Experiment when choosing wines for Chinese dishes

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I’ve been asked a lot of late about pairing wine with Chinese food. It is an interesting question.

Let us start with the obvious caveat that taste is subjective and so personal preferences should not be presumed inadequate by any opinion expressed by a wine critic or wine sommelier. If you like this or that wine with this or that dish, then it’s a good pairing for you. Traditional European style wine culture in China did not proceed apace with the various regional cuisines.


By contrast, European food and European wine evolved fundamentally in tandem over millennia, with a basic, natural or even organic symbiosis providing for mutual enhancement of both wine and food. In much of Asia, by contrast, alcohol tended to be far more grain based, rather than fruit based — with little specific wine grape cultivation. Consequently, most Asian cuisines simply evolved without wine, by and large, and don’t necessarily pair in any natural or organic sense with European wines.

Among wine professionals, the general rule of thumb when pairing wines with Asian food is — for white wines — to think in terms of the classic German/Alsatian varietals like Riesling, Gewürztraminer, Pinot Gris and Pinot Blanc. There are plenty with preferences for specifically German or Alsatian wines, but really it’s the varietals and the style, more than the provenance in this regard. It depends a little bit on the specific cuisines involved, but the key is the balance of acidity to sweetness and the wine’s body or weight in the mouth. There is also a body of opinion in favor of a range of Loire Valley-styled Chenin Blanc wines.

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When it comes to red wines, the general notion is to look for bold New World wine flavors with lots of ripe fruit and restrained acidity, such as New World-styled Cab, Shiraz/Syrah and Malbec. These are, however, all just rules of thumb.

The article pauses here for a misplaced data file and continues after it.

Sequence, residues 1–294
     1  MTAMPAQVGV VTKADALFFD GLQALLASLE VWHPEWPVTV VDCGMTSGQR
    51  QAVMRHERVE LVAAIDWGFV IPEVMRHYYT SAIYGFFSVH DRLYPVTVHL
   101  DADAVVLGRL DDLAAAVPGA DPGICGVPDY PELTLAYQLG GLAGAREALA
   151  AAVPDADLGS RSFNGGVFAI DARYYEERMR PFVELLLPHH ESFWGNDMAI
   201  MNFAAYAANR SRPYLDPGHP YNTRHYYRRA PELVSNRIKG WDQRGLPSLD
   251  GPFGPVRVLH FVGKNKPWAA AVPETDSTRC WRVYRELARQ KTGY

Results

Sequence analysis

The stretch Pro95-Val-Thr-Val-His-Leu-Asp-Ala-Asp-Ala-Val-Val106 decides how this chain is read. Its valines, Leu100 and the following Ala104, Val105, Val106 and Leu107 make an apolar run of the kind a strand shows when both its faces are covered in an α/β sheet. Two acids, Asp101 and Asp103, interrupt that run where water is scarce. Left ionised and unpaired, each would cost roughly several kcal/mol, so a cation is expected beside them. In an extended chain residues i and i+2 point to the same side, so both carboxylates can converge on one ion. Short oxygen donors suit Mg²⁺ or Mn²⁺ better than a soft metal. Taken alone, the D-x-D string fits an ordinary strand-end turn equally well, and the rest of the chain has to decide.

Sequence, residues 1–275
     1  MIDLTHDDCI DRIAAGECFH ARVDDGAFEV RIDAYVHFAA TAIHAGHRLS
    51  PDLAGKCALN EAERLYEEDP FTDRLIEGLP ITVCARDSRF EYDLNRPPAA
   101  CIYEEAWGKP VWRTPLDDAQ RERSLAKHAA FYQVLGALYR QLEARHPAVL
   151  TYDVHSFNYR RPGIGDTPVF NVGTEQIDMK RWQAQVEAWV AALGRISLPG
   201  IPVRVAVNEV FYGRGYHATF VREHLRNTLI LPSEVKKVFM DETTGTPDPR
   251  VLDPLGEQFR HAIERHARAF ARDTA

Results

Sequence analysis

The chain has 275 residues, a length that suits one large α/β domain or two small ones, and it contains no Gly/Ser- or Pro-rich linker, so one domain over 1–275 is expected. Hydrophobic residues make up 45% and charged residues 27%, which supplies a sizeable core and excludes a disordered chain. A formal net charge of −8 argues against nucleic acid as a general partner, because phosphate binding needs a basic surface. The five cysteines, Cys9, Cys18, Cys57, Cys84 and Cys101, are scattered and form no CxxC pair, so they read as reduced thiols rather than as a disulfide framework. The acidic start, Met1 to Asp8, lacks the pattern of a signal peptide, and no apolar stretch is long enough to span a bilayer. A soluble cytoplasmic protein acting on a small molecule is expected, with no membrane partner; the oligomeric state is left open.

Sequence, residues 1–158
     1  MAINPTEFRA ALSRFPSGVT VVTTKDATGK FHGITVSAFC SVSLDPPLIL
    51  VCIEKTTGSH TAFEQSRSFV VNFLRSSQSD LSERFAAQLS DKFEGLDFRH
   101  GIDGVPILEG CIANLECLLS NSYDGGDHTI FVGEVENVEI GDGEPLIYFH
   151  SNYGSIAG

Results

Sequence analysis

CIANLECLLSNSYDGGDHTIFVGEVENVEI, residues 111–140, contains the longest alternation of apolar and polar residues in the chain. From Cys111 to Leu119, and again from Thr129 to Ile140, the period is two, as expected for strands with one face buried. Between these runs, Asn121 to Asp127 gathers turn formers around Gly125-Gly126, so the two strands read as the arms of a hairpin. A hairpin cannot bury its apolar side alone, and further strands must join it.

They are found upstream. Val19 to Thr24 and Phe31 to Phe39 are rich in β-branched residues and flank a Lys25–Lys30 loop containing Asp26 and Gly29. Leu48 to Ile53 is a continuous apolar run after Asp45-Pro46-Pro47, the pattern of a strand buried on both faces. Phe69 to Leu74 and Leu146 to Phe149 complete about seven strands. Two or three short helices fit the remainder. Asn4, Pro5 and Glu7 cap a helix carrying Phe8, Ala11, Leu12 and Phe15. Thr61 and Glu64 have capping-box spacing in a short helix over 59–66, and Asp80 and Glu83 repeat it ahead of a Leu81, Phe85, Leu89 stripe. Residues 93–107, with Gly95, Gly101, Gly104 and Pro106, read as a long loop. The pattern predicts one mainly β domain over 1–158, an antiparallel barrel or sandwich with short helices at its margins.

When in doubt, stick to beer or whisky … or risk some experimentation; you might just discover some great combos!


Here are a few options to consider: Hagafen Cellars, Dry White Riesling, Coombsville Napa Valley, Rancho Weiruszowsky Vineyard, 2014 ($24) — this light, bright, bracing, dry Riesling is superb with a nose of lychee, peach, lemon zest and touch of ginger heavy allspice, following through on the palate to flavors of under-ripe white peach, grapefruit, and Meyer lemon. Clean, vibrant, and refreshing throughout. Mevushal.

The Abarbanel, Old Vine Riesling, Batch 66, Vin D’Alsace, France, 2012 ($19) — this lovely if slightly restrained wine offers classic citrus-flint and floral aromatics followed on the palate with the fresh, racy tang of citrus, spice, and herbs, with enough of the acidity and nerve one associates with Alsace to keep it vivacious, and food friendly. Mevushal.

Yarden Gewurztraminer 2014 ($25) — this enjoyable, aromatic, off-dry, medium-bodied wine offers an exotic lychee, honeysuckle and spice profile with apricot and green apple and solid acidity, with just enough residual sweetness to embrace some spicy foods.

Herzog Selections, Vouvray, Moelleux, Loire Valley, France, 2012 ($15) — This crisp, semi-sweet, floral wine offers inviting flavors of apple, apricot and green fig, with just enough acidity to keep the sweetness in check, while remaining sweet enough to pair nicely with spicy Chinese or Indian dishes. A (not too) simple and enjoyable pleasure. Mevushal.

Shiloh, Shiraz Secret Reserve, Judean Hills, Israel, 2010 ($39) — Offering some intense aromatics and flavors of spice, and ripe dark stone and red berry fruits, some eucalyptus notes, coffee, vanilla, and herbs, all with a good balancing acidity and firm tannins, and a slightly sweet, alcoholic finish; should stand up equally well to hearty stews, grilled meats, and mildly spicy meaty foods.

As for liquor, one can almost never go wrong with Johnnie Walker Black Label Old Scotch Whisky (40 percent abv; $35) — “Johnnie Black” as it is affectionately known the world over, is a complex, 12-year-old blend of 40 or so grain and malt whiskies, offering a fine balance of the smoky West Coast style with lighter Speyside malts, with the middle gap filled — it is widely thought — with Highland malts matured in sherry casks The result is a beautifully blended, balanced, elegant whisky with some real ponderous depth and heft to it.

L’Chaim!

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